It's not quite as black and white as Lizard made it seem, but the landlord accepting the old rent amount after the rent increase was to take effect may be considered a waiver of the increase for the months in which the landlord accepted the payments at the old rent amount. So the issue is what evidence the court has that the landlord was waiving the rent increase. In a case from over 100 years ago, which appears to still be good law in California, a commercial landlord had a month to month lease with her tenant for $65/month. The landlord in June 1908 served notice to the tenant of a rent increase to $100/month. The tenant, however, continued to pay $65/month after the rent increase. The payments were made to her agent, who accepted the payments and deposited them. The tenant claimed that the agent had orally waived the increase (which would be a problem under the rule that a contract in writing generally must be modified in writing, not by oral agreement). The agent in a statement denied having waived the increase, and the agent was dead by the time of trial, so he could not testify on the matter. The trial court found that the fact that the agent took the $65 checks and deposited them without objection was evidence of a waiver and found for the tenant on that issue. The California Supreme Court affirmed, stating:
But it sufficiently appears from the unconditional acceptance by the agent of the lesser amount of rent that the oral agreement became executed and therefore binding. It is argued that Mrs. Alden knew nothing of this purported waiver, and this is doubtless true. Yet she had clothed her son as her agent, actual or ostensible, with sufficient power to make the waiver, and she is bound by his conduct in so doing. True it is, also, that Haile, who at the trial was dead, had denied by verified answer that he had ever agreed to such a waiver. True it is that in other respects the evidence upon the matter is sharply conflicting, but, as has been said, there is sufficient to support the finding of the court in this regard.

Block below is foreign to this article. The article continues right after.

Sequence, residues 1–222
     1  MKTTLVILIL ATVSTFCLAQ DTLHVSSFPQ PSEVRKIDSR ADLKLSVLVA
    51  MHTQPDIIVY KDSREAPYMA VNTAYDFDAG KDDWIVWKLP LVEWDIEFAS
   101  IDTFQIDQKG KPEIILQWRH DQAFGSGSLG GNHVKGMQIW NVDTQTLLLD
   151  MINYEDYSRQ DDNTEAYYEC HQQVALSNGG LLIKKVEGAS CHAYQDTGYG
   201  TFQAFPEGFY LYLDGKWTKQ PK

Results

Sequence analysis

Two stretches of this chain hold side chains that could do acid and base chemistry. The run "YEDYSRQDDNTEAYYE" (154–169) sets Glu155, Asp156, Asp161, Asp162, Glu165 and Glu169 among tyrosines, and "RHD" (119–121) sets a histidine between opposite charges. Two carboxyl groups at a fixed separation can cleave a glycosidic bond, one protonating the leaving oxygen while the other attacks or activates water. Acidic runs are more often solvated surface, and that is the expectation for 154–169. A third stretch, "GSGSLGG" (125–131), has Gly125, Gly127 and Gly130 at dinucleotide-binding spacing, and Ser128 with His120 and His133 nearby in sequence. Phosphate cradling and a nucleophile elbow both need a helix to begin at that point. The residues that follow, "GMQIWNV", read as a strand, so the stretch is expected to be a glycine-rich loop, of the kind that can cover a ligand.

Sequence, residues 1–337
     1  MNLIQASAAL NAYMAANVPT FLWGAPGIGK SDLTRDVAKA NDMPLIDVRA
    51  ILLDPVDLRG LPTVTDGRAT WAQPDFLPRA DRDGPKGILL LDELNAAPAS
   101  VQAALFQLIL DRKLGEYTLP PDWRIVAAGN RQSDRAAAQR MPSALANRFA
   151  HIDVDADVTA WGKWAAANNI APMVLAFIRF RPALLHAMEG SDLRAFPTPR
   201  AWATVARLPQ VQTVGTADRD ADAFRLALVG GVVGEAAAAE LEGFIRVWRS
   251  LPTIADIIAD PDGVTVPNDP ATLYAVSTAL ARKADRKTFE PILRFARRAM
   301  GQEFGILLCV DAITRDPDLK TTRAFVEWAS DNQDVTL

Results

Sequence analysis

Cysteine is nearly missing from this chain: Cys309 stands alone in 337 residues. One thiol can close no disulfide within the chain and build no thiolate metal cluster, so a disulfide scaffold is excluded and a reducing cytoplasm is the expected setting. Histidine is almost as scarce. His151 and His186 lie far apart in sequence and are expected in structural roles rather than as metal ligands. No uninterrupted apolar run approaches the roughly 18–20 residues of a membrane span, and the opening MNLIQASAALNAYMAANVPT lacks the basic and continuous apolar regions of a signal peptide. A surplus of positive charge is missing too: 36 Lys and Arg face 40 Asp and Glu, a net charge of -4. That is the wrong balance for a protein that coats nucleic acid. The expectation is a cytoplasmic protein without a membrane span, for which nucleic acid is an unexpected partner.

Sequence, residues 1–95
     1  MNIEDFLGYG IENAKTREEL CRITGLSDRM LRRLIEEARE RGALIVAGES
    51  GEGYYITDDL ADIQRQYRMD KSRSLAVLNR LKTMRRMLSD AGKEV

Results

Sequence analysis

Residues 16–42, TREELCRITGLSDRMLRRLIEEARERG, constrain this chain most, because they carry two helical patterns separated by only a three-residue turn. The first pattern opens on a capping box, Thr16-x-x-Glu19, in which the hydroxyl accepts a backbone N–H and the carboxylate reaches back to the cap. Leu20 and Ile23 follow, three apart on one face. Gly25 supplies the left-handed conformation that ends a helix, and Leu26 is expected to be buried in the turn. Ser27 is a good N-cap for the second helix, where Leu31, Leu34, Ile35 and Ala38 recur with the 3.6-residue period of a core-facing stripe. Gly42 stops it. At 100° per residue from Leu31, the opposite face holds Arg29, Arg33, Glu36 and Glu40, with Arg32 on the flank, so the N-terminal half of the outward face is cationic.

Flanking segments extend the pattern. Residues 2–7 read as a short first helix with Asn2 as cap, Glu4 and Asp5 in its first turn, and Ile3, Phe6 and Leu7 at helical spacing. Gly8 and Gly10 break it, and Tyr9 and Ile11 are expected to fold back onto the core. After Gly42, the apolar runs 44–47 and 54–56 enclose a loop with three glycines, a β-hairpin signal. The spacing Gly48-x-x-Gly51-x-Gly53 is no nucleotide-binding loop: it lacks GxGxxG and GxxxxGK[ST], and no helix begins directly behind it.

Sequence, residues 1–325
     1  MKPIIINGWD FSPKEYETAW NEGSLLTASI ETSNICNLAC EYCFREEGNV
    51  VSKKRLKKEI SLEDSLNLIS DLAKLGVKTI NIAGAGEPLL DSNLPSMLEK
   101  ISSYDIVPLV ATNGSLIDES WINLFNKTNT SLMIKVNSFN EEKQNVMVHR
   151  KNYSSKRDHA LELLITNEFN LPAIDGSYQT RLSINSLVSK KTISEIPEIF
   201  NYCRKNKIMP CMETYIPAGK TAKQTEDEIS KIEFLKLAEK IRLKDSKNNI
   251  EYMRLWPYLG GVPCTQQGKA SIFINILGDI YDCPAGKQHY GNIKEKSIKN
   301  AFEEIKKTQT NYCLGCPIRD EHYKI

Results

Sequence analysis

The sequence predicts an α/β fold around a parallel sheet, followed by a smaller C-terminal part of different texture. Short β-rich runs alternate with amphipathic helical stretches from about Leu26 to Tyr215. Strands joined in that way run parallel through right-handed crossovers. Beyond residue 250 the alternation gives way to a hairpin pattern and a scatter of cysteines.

Alden v. Mayfield, 164 Cal. 6, 9, 127 P. 45, 47 (1912). Though old, the case appears to still be good and has not been overturned. That's not surprising; the principle is still a good one in most, if not all, states. The landlord accepting the old rent amount without objection is evidence supporting a tenant's claim for waiver. Other facts might rebut that implication of waiver, so it is not the case that accepting the old amount would doom the landlord to losing the increase, but it certainly can have that result. For that reason lawyers, including myself, will caution a landlord about accepting such checks and advise the landlord to return the check and insist on the proper amount (which IMO is the vastly preferred thing to do) or at least promptly notify the tenant, preferably in writing, that the check is accepted only as partial payment of the rent and that the tenant still owes the difference. Taking the check for the old rent amount, depositing it, and saying nothing at the time simply invites a conclusion that the landlord waived the extra rent for that month. Particularly in tenant friendly California, I think a landlord in that position will often be SOL.